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China's quality threshold causing problems for material exporters

China’s Green Fence initiative, introduced in February and likely to continue until late 2013, has unsettled not only exporters in the West but also China’s consumers of secondary raw materials, it emerged strongly at the Bureau of International Recycling (BIR) world recycling organisation’s convention in Shanghai last week.

Paper industry analysts RISI’s associate economist, Minnie Kong, told the BIR Paper Division that China’s Green Fence was temporarily hurting exporters in North America and Europe while also creating problems for those Chinese mills relying on imports.

Despite buying foreign fibre on a scale that could not be matched by any other country, mills in China were anxious not to lose their competitive position in the import market.

Reporting to the BIR Plastics Committee, Michael Schipper, trader for International Alloys, noted a plastics scrap oversupply in the USA owing to China’s Green Fence initiative, resulting in price reductions of 15% in some instances since March. Steve Wong, president of the China Scrap Plastic Association, said Green Fence was forcing many domestic consumers to pay more for their scrap and was thus reducing their competitiveness.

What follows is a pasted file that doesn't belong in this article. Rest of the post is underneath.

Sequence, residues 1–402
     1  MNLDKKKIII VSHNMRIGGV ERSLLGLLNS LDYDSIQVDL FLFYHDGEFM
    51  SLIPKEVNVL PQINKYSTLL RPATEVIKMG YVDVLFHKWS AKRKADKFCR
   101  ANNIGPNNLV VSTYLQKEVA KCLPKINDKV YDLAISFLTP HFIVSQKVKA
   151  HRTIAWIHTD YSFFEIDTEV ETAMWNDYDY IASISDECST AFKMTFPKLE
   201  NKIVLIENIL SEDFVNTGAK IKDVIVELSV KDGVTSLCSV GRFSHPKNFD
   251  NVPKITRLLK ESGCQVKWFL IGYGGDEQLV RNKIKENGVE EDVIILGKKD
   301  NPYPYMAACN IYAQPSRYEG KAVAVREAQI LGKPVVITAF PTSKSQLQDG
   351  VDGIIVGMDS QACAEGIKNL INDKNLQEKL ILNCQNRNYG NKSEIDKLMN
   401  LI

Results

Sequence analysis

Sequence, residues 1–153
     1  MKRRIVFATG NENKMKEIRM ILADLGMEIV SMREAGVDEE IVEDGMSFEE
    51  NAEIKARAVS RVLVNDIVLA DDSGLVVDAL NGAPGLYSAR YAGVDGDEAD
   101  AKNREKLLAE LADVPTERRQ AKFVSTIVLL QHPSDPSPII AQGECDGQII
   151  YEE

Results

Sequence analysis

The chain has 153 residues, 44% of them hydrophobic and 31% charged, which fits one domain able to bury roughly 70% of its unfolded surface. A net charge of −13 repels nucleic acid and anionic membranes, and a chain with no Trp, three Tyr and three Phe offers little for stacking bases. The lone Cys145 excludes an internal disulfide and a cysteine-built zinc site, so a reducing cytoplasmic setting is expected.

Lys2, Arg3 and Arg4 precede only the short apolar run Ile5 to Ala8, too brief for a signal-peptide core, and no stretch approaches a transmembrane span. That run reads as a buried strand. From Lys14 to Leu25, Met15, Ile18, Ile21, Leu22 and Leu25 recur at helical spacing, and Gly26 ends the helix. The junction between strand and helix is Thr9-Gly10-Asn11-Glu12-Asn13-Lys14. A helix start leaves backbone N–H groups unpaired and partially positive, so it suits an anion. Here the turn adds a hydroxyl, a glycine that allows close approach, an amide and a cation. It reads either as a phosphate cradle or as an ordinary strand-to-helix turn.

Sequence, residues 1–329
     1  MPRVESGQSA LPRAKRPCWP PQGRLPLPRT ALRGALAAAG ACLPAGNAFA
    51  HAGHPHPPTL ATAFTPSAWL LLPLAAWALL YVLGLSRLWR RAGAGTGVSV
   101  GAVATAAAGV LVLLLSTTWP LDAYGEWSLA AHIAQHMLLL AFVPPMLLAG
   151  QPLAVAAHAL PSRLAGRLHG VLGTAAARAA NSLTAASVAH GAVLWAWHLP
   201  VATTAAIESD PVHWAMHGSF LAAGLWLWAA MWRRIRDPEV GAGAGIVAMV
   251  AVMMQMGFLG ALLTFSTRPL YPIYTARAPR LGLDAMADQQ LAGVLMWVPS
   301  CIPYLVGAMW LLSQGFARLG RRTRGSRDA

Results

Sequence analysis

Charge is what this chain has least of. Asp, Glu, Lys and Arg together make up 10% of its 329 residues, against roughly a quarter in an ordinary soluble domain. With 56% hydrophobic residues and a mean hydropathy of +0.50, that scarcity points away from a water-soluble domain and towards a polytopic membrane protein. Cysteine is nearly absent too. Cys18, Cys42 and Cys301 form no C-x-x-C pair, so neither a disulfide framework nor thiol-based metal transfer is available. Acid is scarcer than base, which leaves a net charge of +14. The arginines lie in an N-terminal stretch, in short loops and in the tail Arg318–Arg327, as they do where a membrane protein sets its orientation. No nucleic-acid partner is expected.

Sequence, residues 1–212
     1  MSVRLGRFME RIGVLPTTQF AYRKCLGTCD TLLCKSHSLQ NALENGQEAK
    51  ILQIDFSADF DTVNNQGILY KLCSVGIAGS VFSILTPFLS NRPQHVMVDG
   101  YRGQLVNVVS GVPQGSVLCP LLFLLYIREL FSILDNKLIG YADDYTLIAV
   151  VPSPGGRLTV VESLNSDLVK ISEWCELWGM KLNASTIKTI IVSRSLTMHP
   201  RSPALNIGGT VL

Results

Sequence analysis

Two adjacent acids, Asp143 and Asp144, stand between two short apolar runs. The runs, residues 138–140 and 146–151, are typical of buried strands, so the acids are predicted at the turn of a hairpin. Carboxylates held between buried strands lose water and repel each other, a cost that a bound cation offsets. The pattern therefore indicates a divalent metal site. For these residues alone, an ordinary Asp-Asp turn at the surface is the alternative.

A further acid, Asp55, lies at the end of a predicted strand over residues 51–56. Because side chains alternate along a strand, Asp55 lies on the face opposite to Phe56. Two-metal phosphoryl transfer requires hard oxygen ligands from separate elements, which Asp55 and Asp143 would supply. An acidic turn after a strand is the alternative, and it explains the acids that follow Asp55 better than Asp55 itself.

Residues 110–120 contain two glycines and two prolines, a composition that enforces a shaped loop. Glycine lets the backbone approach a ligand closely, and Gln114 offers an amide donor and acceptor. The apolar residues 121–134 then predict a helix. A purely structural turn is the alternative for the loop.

According to Renwu Cai, general manager of Guangzhou GISE-MBA New Plastics Technology, Green Fence was designed “to set up obstacles to illegal enterprises” but even law-abiding companies had been hit by customs clearance delays and thus additional costs.

Of the “unqualified” waste raw materials exported to China in the period 2010-2012, plastics accounted for 56%, non-ferrous for 17% and paper for 9%, pointed out Cui Lei, general manager of the China Certification & Inspection Group (CCIC). He told BIR’s International Trade Council: “Only a small percentage of your exports are of poor quality but you need to give this small percentage your attention or your export efforts will fail.”

Robert Stein, president of the BIR Non-Ferrous Metals Division, described the increased scrutiny of non-ferrous scrap entering China as “a surprise” to many exporters “because of the suddenness of its implementation”.

He also criticised the recent decision by the Indian Government to increase basic customs duty from 0% to 2.5% on imports of aluminium, ferrous and stainless steel scrap. “The markets are the best at determining where our scrap is shipped; the more barriers to free trade, the higher the costs to the processing community who will seek alternative markets,” he said. “We do not endorse implementation of artificial impediments to free and fair trade.”

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